Edmund Burke (Politician)

#14768 Edmund Burke

Men are qualified for civil liberty in exact proportion to their disposition to put moral chains upon their own appetites, — in proportion as their love to justice is above their rapacity, — in proportion as their soundness and sobriety of understanding is above their vanity and presumption, — in proportion as they are more disposed to listen to the counsels of the wise and good, in preference to the flattery of knaves. .

Edmund Burke Quotes about love
#14769 Edmund Burke

There is a sort of enthusiasm in all projectors, absolutely necessary for their affairs, which makes them proof against the most fatiguing delays, the most mortifying disappointments, the most shocking insults; and, what is severer than all, the presumptuous judgement of the ignorant upon their designs. .

Edmund Burke Quotes about men
#14770 Edmund Burke

Laws, like houses, lean on one another. .

Edmund Burke Quotes about law
#14771 Edmund Burke

There is, however, a limit at which forbearance ceases to be a virtue. .

Edmund Burke Quotes about virtue
#14772 Edmund Burke

It is a general popular error to suppose the loudest complainers for the publick to be the most anxious for its welfare. .

Edmund Burke
#14773 Edmund Burke

The wisdom of our ancestors. .

Edmund Burke Quotes about wisdom
#14774 Edmund Burke

Toleration is good for all, or it is good for none. .

Edmund Burke Quotes about good
#14775 Edmund Burke

I take toleration to be a part of religion. I do not know which I would sacrifice; I would keep them both: it is not necessary that I should sacrifice either. .

Edmund Burke Quotes about religion
#14777 Edmund Burke

Parliament is not a congress of ambassadors from different and hostile interests; which interests each must maintain, as an agent and advocate, against other agents and advocates; but parliament is a deliberative assembly of one nation, with one interest, that of the whole; where, not local purposes, not local prejudices ought to guide, but the general good, resulting from the general reason of the whole. You choose a member indeed; but when you have chosen him, he is not a member of Bristol, but he is a member of parliament. .

Edmund Burke Quotes about purpose
#14778 Edmund Burke

A conscientious man would be cautious how he dealt in blood. .

Edmund Burke Quotes about man
#14779 Edmund Burke

People crushed by law, have no hopes but from power. If laws are their enemies, they will be enemies to laws; and those who have much to hope and nothing to lose, will always be dangerous. .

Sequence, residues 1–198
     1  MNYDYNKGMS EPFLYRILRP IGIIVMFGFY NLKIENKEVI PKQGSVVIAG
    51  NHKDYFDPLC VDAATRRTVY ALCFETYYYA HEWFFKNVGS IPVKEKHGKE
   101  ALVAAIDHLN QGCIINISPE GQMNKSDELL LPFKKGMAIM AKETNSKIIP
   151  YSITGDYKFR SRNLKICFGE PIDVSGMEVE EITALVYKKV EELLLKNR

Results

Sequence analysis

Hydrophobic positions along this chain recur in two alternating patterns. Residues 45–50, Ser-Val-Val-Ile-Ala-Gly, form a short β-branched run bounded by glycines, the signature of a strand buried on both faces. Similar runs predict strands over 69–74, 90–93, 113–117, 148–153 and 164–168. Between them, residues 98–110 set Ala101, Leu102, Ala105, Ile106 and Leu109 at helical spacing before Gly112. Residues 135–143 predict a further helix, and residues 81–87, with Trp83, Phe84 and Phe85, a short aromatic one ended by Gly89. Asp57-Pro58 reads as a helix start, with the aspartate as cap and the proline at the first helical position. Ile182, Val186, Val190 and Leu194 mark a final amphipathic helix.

Edmund Burke Quotes about hope
#14780 Edmund Burke

Applaud us when we run, console us when we fall, cheer us when we recover. .

Edmund Burke Quotes about fall
#14781 Edmund Burke

Bad laws are the worst sort of tyranny. .

Edmund Burke Quotes about law
#14782 Edmund Burke

In doing good, we are generally cold, and languid, and sluggish; and of all things afraid of being too much in the right. But the works of malice and injustice are quite in another style. They are finished with a bold, masterly hand ; touched as they are with the spirit of those vehement passions that call forth all our energies, whenever we oppress and persecute. .

Edmund Burke Quotes about passion
#14783 Edmund Burke

I decline the election. — It has ever been my rule through life, to observe a proportion between my efforts and my objects. I have never been remarkable for a bold, active, and sanguine pursuit of advantages that are personal to myself. .

Edmund Burke Quotes about life
#14784 Edmund Burke

Gentlemen, the melancholy event of yesterday reads to us an awful lesson against being too much troubled about any of the objects of ordinary ambition. The worthy gentleman, who has been snatched from us at the moment of the election, and in the middle of contest, whilst his desires were as warm, and his hopes as eager as ours, has feelingly told us, what shadows we are, and what shadows we pursue. .

Edmund Burke Quotes about hope
#14785 Edmund Burke

He was not merely a chip of the old Block, but the old Block itself. .

Edmund Burke Quotes about self
#14786 Edmund Burke

The individual is foolish; the multitude, for the moment is foolish, when they act without deliberation; but the species is wise, and, when time is given to it, as a species it always acts right. .

Edmund Burke Quotes about time
#14787 Edmund Burke

The arrogance of age must submit to be taught by youth. .

Edmund Burke Quotes about youth
#14788 Edmund Burke

The people never give up their liberties but under some delusion. .

Edmund Burke Quotes about people
#14789 Edmund Burke

Whenever a separation is made between liberty and justice, neither, in my opinion, is safe. .

Edmund Burke Quotes about justice
#14790 Edmund Burke

They made and recorded a sort of institute and digest of anarchy, called the Rights of Man. .

Edmund Burke Quotes about anarchy
#14791 Edmund Burke

You can never plan the future by the past. .

Edmund Burke Quotes about future
#14792 Edmund Burke

Tyrants seldom want pretexts. .

Edmund Burke Quotes about want
#14793 Edmund Burke

Those who have been once intoxicated with power, and have derived any kind of emolument from it, even though but for one year, never can willingly abandon it. They may be distressed in the midst of all their power; but they will never look to any thing but power for their relief. .